[OPE-L:1699] Re: surprising agreement?

Gilbert Skillman (gskillman@mail.wesleyan.edu)
Fri, 5 Apr 1996 00:39:46 -0800

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Replying to Rakesh's post. Rakesh writes:

> Gil has argued that Marx "asserted, invalidly, that surplus value must be
> explained on the basis of price-value equivalence."
> 1. Proudhon or Marx
> No one has doubted surplus value can be appropriated by usurers and
> merchants and that these circuits have historically depended on
> non-equivalence.

Actually, people have doubted it all over the place: e.g., various
Marxist critics of Roemer's work; various participants in the
"transition from feudalism to capitalism" debate initiated by Sweezy
back in the 50s; Jim Devine in response to me, etc., etc. The issue is this:
if returns to usury and merchant's capital represent mere redistribution of
existing value, they don't constitute surplus value in Marx's sense
of the term, which involves capital as self-valorizing value, or
appropriation of newly created value.

But in his discussion of these forms Marx distinguishes between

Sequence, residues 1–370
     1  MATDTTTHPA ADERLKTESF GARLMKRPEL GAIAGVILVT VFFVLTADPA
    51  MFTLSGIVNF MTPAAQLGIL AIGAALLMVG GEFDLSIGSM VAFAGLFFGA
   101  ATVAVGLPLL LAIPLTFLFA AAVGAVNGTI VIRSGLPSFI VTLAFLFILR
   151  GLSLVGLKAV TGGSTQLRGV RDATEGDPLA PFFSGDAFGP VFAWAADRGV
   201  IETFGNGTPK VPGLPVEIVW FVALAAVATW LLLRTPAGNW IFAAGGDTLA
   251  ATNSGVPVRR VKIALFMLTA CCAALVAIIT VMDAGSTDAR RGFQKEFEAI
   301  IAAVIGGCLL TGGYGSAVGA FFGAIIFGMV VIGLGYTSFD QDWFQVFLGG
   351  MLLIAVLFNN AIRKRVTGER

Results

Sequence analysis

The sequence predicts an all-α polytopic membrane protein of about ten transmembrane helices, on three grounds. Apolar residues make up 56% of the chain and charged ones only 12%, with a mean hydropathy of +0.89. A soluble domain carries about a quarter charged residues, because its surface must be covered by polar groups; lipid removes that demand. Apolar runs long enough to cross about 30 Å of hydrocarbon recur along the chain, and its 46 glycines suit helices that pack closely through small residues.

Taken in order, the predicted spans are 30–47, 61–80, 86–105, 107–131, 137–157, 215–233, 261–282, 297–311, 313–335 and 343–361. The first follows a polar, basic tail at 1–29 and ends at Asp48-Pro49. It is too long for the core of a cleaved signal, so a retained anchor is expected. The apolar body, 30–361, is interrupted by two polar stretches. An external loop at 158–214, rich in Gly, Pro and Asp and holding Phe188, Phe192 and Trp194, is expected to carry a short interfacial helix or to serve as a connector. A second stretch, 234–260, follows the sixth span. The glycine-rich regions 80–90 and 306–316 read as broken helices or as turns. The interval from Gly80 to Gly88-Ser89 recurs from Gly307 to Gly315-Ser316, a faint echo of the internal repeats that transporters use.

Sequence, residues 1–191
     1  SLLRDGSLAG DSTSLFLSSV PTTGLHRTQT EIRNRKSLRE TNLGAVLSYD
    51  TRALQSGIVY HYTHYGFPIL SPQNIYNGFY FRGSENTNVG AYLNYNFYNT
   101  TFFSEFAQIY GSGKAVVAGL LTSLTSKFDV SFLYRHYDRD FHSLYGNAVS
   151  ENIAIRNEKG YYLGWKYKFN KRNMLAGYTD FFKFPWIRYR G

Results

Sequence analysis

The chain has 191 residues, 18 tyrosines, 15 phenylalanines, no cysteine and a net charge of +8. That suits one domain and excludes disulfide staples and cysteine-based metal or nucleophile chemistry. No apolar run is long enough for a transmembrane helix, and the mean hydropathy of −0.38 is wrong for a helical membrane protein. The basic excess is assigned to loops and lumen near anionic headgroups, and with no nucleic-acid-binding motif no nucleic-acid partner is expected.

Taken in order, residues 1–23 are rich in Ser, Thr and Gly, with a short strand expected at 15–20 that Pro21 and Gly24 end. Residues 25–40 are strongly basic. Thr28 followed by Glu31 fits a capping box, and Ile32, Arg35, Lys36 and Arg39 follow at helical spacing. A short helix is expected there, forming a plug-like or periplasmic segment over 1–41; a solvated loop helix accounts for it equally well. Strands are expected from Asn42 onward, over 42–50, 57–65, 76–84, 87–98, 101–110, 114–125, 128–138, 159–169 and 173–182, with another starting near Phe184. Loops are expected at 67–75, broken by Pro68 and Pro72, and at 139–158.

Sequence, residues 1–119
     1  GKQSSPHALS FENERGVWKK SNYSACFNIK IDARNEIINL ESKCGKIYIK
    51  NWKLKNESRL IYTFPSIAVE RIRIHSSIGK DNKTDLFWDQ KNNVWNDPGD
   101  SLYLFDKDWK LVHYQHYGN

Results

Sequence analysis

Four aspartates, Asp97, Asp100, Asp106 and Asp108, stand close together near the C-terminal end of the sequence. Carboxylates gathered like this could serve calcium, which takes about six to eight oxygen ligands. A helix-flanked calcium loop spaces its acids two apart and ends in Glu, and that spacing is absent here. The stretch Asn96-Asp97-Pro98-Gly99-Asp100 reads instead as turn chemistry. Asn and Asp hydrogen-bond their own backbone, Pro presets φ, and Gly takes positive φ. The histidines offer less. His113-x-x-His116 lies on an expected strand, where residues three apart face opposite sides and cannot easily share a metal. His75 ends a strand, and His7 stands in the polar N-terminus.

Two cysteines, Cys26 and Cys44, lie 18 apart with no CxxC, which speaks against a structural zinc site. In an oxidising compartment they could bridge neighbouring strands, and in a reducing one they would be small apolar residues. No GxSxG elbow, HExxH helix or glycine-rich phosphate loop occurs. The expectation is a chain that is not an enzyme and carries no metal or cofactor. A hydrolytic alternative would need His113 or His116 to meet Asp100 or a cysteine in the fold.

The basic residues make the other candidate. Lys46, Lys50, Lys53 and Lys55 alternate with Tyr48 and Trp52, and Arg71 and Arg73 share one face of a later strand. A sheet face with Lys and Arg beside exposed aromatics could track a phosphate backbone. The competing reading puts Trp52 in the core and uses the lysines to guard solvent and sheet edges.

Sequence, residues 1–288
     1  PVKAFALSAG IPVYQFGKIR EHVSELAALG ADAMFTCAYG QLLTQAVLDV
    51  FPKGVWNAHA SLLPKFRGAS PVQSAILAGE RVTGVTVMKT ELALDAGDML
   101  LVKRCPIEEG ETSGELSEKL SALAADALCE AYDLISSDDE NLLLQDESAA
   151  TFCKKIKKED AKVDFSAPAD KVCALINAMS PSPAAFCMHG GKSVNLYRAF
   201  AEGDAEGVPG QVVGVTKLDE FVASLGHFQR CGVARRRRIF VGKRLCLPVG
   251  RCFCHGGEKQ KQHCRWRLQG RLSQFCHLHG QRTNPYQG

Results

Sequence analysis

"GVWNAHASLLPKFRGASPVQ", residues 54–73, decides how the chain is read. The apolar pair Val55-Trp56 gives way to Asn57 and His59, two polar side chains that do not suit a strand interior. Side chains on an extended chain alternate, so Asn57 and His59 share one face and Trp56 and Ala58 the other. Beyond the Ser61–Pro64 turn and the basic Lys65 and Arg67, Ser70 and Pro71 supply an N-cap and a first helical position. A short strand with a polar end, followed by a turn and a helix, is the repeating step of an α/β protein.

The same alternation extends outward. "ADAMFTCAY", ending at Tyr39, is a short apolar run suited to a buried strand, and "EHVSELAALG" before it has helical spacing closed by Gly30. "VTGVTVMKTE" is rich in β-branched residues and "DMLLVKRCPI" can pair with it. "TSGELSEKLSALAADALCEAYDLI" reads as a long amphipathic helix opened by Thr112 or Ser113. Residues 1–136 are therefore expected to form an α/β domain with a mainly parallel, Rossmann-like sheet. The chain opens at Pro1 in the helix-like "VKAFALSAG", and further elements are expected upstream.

merely redistributive forms of usury and merchant's capital and forms
which support and appropriate newly created value: usury extended to
small producers and proto-industrial merchant's capital. He
typically reserves the term surplus value, and by extension capitalist
exploitation, for the latter.

>But this was hardly Marx's discovery. Indeed it was so
> well understood that independent producers were selling at below value that
> this became a central concern of a powerful petty-bourgeois movement:
> Proudhonism.

But this misses Marx's careful distinction between "profit upon
alienation"--based on redistribution--and profit and interest based
on appropriation of newly created value.

> So Gil, aren't you interested in a 19th century problem? Isn't Marx's
> effort at least a part in the clarification of the interests of the working
> class--that they cannot be free of exploitation even if the ideals of the
> market are to be realized, as called for by the petty bourgeois opposition?

Of course I am. But I would take the point a step further--contrary
to Marx's evident value-theoretic suggestion, the working class will
also not be free of exploitation even if capitalists stop buying
labor power and consuming it within capitalist-run production
processes (though the average rate of exploitation might thereby be

> I know that Mike L has asked you a similar, though undoubtedly better
> formulated, question very early in this exchange, so perhaps you (or Mike
> if he is reading) will kindly refer me to the post # of your reply, which
> I have also read but obviously since forgetten.

Actually, Mike and I have moved beyond this question. We agree that
Marx's focus on the purchase and subsumption of labor power beginning
with Vol. I, Ch. 6 cannot validly be justified on the grounds that